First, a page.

Select 4 questions based upon reading material (attached). Questions should not represent basic fact-based questions or definations presented in the reading but should represent higher order questions that allow deeper thought about Enginnering Management. ( NOTE: ONLY HAVE TO MAKE QUESTIONS WHICH WILL REQUIRE DEEP THINKING)
Leading Technical People
Leadership is the third of the four management functions. President Harry S. Truman defined lead- ership as “the ability to get men to do what they don’t want to do and like it.” Whether one agrees with this statement or not, it is certain that leadership is more than just directing others. Leadership is truly an art form that can be taught and learned. Just as in any other art form, there are multiple styles of leadership.
The first section on the nature of leadership examines the difference in managers and leaders. Next, the traditional trait theory and its application to the engineering manager is considered. Sev- eral related approaches emphasize two dimensions, one concerned with tasks and the other with people. These approaches include The Leadership Grid®, the Michigan and Ohio State studies, ser- vant leadership, and life-cycle theory.
Motivation is a key component of the leadership model. McGregor’s two contrasting viewpoints (Theories X and Y) on the nature of the individual who is to be motivated are considered. Then two approaches to understanding motivation are presented: content theories and process theories. The con- tent theories include Maslow’s hierarchy of needs, Herzberg’s two-factor theory, and McClelland’s acquired need theory. Process theories assume that behavior is determined by expected outcomes and include Adam’s equity theory, Vroom’s expectancy theory, and Skinner’s behavior modification.
Leadership and Management. The words “leadership” and “management” are often used interchangeably, yet they describe two different concepts. Maccoby1 defines leadership as a relationship between the leader and the led and management as a function. The leader uses passion and emotion, while the manager uses a more formal, rational method. Managers are quite often experienced in their field and have worked their way up within the company; and a leader may be a new arrival to a company, with fresh ideas. Often companies do not distinguish between the two positions and as a result may place a manager into a leadership role.
Although there are many examples of good managers and leaders, Drucker presents the idea that there is no one right way to manage. Different groups in the work population must be managed differently at different times. Thus, management and leadership styles are constantly changing.2 Some of the leader and manager characteristics that Warren Bennis has listed are described in the following chart:3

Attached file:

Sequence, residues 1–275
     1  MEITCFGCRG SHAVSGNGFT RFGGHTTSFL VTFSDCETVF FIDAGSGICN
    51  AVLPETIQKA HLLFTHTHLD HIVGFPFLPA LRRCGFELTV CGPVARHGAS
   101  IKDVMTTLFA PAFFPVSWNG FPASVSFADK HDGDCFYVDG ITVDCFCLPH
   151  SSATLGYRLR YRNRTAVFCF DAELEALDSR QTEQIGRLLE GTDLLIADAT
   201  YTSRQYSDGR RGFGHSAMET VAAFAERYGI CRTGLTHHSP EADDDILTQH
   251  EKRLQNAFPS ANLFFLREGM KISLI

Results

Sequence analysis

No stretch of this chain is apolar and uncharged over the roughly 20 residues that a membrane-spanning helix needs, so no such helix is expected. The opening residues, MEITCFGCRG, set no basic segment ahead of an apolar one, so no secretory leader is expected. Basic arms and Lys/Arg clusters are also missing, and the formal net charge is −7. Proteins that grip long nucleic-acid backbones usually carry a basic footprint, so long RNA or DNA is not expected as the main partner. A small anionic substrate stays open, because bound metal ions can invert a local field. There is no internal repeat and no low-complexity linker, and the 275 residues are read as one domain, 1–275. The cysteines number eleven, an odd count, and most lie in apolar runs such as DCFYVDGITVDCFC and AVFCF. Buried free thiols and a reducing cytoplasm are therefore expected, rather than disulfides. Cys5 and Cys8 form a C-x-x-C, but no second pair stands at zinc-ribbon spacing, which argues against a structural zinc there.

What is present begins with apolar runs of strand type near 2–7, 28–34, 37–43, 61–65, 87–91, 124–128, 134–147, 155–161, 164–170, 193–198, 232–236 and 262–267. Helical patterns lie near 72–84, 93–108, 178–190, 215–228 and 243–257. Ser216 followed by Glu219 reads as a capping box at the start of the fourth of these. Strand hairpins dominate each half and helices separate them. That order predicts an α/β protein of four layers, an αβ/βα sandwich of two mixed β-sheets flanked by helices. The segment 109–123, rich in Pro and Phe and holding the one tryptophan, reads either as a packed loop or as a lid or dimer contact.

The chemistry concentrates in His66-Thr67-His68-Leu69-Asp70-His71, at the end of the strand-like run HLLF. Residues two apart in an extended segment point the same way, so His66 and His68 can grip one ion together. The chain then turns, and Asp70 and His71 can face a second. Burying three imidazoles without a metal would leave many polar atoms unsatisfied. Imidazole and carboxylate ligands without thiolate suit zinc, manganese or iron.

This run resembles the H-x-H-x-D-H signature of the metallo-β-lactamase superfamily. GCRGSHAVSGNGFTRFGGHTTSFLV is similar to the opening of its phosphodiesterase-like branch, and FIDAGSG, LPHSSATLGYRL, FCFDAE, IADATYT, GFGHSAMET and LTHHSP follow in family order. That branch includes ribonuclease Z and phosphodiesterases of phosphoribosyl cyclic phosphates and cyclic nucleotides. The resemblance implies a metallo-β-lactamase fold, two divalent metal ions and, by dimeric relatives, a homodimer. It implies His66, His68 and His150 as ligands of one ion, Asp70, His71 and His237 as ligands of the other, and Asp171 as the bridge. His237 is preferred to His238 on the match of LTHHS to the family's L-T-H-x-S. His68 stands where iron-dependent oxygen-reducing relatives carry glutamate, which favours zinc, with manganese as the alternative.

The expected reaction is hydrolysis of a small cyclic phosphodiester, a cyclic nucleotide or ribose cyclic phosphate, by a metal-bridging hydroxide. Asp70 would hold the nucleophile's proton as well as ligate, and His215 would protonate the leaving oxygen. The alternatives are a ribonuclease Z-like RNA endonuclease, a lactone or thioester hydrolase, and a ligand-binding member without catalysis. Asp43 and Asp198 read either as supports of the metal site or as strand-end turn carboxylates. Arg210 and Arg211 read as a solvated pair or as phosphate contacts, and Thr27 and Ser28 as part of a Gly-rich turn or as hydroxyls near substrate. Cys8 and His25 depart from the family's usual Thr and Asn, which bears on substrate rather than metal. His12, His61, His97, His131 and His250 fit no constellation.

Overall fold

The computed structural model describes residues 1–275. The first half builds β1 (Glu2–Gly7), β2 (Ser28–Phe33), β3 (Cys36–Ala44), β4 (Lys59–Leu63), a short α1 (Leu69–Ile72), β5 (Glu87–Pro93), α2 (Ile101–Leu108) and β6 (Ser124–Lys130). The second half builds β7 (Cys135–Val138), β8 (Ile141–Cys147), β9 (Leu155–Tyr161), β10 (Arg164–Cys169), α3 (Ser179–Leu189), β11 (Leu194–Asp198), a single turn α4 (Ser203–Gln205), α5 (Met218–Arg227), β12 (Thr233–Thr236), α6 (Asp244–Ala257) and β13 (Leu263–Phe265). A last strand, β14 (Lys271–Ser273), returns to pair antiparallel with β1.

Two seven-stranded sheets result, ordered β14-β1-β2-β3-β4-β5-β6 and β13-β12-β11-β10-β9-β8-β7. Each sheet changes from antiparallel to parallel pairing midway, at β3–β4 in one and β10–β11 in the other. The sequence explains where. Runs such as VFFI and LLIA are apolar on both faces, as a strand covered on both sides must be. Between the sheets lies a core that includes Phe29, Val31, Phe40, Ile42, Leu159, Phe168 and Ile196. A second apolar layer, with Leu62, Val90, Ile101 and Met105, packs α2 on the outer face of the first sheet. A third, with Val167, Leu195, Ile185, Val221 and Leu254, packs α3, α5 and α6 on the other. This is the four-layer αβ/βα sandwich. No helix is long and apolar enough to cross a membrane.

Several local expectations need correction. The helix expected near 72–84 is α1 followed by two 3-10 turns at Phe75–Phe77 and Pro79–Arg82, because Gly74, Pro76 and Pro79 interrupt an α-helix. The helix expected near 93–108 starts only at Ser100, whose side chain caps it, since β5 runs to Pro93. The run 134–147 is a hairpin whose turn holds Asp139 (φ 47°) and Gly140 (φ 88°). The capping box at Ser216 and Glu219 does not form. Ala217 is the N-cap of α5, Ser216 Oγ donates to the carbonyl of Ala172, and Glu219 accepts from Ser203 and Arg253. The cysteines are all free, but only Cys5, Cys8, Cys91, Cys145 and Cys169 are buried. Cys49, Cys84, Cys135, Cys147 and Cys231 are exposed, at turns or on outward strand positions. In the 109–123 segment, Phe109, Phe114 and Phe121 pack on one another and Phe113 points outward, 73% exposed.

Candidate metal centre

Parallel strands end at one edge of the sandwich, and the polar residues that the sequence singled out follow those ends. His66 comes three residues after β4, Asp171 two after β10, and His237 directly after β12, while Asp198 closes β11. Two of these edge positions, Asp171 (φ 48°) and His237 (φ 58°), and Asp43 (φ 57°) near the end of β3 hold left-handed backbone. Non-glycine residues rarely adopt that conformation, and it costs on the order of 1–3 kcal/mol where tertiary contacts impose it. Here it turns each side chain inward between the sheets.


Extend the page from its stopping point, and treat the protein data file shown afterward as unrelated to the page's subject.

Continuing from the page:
Nature of Leadership
Leadership is the process of getting the cooperation of others in accomplishing a desired goal. Sir William Slim, commander of the British Army that defeated the Japanese in Burma in World-
Ask how and when Ask what and why
Focus on systems Focus on people
Do things right Do the right things
Short-term perspective Longer term perspective
Are a copy Are original
War II, defined leadership as that “mixture of persuasion, compulsion, and example that makes men do what you want them to do.” In a more subtle vein, Barney Frank said, “The great leader is the one who can show people that their self-interest is different from that which they perceived.”
People become leaders by appointment or through emergence. Formal, or “titular,” leaders are appointed branch manager or committee chair or team captain and have the advantage of formal authority (including the power to reward and punish), but this only gives them the opportunity to prove themselves effective at leadership. Although good leaders prefer to influence others through persuasion where possible, this author agrees with Robert Shannon that “it is much easier to be per- suaded by a person with power than by one without power.”4
Emergent, or informal, leaders evolve from their expertise or referent power as it is expressed in the process of group activity. Even as children we find certain individuals emerging as the ones whose suggestions for the games to play or the mischief to get into are followed, and throughout life we find that certain people “take the lead” and are accepted as informal leaders. When the emergent leader is then appointed or elected as formal leader, he or she has a double opportunity to be effec- tive. Recognizing this, many organizations conduct “assessment centers” to evaluate potential lead- ers, and these include group situations where no leader is appointed in order to see who emerges to lead the resolution of a jointly assigned problem.
Leadership Traits. Early researchers into the nature of leadership tried to identify the personal characteristics, or traits, that made for effective leaders. For example, Peterson and Plowman list the following 18 attributes as being desirable in a leader:
• Physical qualities of health, vitality, and endurance
• Personal attributes of personal magnetism, cooperativeness, enthusiasm, ability to inspire,
persuasiveness, forcefulness, and tact
• Character attributes of integrity, humanism, self-discipline, stability, and industry
• Intellectual qualities of mental capacity, ability to teach others, and a scientific approach to